Paul Jacob
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What's the difference between science and politics?

Normally, I'd say science tends to add to the wealth of the world, while politics detracts. On Thursday, a quasi-quorum of the International Astronomical Union (IAU) gathered in the Czech Republic and demoted the ninth planet from its status as "planet." Pluto is now to be called, uh, a "dwarf planet."

We lost a planet (sorta). What did we gain?

Ever since Clyde Tombaugh discovered Pluto back in 1930, we've been calling the distant, roundish rock a "planet." Tombaugh had continued Percival Lowell's search for "Planet X," the planet suspected to exist beyond Neptune. By sheer trial and error, error and trial, Tombaugh found the itsby-bitsy planet, and the wealth of the solar system seemed to increase by one. Perhaps that's why it was called "Pluto," after the god of wealth. "Hades," that god's other name, means "hidden" or "unseen," also appropriate. But the name "Hades" is associated not with wealth but with that same god's status as the grim ruler of hell. Pluto sounded better.

I think we're all happy with Pluto. (No?)

Since then, a number of new discoveries of bodies in our solar system have cried out for inclusion under the same category. The IAU decided it was high time to have some sort of official definition of "planet" so some rational criteria could be applied to these new objects.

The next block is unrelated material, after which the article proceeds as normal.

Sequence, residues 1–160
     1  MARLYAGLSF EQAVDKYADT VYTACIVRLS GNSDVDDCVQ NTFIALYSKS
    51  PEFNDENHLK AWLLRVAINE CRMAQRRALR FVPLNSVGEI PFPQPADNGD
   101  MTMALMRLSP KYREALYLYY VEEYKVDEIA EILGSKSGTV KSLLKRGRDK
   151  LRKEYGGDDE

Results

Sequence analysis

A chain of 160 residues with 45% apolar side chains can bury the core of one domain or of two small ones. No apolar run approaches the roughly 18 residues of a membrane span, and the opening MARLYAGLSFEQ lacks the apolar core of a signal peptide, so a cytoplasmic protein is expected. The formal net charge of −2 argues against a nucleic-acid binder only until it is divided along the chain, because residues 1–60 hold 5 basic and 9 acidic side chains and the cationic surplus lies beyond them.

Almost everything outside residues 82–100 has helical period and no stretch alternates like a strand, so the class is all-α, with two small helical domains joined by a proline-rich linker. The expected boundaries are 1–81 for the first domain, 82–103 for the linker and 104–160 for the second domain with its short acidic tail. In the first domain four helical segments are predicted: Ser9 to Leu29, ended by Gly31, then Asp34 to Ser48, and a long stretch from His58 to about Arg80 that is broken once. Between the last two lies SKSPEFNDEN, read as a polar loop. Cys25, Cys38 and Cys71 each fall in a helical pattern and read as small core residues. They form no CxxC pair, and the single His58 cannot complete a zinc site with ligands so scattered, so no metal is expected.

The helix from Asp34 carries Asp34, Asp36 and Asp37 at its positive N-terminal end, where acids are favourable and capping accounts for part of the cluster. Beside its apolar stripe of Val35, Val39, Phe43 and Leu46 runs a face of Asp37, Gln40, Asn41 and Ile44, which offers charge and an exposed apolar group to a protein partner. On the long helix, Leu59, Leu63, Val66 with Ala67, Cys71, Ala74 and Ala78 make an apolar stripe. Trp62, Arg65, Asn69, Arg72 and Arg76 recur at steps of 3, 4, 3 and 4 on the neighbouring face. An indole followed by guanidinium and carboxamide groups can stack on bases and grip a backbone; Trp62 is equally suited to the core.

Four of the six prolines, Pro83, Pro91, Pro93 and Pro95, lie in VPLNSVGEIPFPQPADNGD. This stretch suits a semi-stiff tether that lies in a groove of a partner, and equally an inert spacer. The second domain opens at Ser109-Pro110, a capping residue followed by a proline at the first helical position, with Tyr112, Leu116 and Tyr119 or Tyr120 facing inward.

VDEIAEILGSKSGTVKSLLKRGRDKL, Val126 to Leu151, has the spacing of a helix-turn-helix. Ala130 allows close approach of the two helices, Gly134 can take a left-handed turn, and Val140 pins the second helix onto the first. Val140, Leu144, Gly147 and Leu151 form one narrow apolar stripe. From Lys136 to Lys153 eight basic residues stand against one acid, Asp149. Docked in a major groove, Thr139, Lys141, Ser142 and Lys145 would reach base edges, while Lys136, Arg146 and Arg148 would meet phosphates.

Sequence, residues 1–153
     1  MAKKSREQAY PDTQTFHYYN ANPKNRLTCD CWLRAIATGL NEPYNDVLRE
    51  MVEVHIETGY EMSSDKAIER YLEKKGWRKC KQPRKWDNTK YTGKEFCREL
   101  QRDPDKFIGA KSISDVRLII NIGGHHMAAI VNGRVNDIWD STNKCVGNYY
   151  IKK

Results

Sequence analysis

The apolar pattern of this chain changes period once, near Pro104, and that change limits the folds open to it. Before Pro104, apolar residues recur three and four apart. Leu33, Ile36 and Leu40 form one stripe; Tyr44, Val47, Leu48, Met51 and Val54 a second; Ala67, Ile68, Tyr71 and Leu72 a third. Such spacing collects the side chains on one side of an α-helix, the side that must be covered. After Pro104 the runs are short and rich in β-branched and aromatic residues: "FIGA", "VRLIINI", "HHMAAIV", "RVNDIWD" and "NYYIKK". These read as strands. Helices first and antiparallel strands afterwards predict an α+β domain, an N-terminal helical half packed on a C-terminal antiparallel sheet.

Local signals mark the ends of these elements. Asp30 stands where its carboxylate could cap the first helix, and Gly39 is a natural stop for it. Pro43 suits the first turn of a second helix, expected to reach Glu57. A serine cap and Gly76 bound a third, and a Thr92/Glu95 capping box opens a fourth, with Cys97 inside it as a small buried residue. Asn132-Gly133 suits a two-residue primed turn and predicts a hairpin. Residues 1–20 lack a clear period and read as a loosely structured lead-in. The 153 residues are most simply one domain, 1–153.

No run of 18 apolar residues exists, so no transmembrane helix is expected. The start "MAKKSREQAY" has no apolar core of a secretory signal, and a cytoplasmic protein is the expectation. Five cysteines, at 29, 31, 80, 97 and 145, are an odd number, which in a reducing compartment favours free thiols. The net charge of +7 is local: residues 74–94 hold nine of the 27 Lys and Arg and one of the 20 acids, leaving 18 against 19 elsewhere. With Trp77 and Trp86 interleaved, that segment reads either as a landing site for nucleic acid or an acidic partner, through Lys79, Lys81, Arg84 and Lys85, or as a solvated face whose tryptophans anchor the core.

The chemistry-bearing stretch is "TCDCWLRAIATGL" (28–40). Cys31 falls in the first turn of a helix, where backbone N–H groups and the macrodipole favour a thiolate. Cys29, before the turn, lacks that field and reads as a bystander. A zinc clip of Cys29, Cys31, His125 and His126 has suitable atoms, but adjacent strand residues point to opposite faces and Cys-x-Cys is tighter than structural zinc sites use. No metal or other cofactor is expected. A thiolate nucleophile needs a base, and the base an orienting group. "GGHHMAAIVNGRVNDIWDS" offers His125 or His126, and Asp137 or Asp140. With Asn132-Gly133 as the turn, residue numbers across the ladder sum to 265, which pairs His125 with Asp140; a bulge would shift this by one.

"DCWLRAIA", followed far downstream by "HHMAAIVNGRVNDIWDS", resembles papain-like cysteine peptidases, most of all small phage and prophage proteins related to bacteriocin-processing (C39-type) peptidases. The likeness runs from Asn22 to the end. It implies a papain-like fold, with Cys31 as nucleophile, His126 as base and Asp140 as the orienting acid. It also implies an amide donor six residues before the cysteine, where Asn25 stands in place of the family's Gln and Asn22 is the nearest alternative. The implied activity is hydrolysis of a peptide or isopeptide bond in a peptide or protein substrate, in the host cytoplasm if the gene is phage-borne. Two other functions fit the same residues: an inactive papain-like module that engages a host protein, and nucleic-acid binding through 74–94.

Prior to the conference, most observers were expecting a few new planets, not one less. An initial set of definitions would have upgraded Charon, Pluto's sidekick moon, to planet status, making the two a double planet. To distinguish the smaller icy orbs from gas giants and the Mercury-Mars series of round rocks, the two were to be called "plutons." And so would 2003 UB313, a planetoid slightly larger than Pluto that goes by the nickname "Xena."

But the Warrior Princess got nixed, as did Charon and Pluto itself. These are now categorized as "plutinos" instead of "plutons." A plutino is not, as near as I can make out, another name for "dwarf planet," alas. It means a "trans-Neptunian object" with a certain orbital relationship to the neighboring gas giant. We're left with "dwarf planet" as the more inclusive term for smaller-than-planet. Unfortunately, it begs the whole question: a dwarf planet sounds like a planet to me, just a small one — which means that, contrary to the voting astronomers, there are indeed at least eleven planets in our system. Some say that number could be 24. And it could grow, with more discoveries.

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Paul Jacob

Paul Jacob is President of Citizens in Charge Foundation and Citizens in Charge. His daily Common Sense commentary appears on the Web and via e-mail.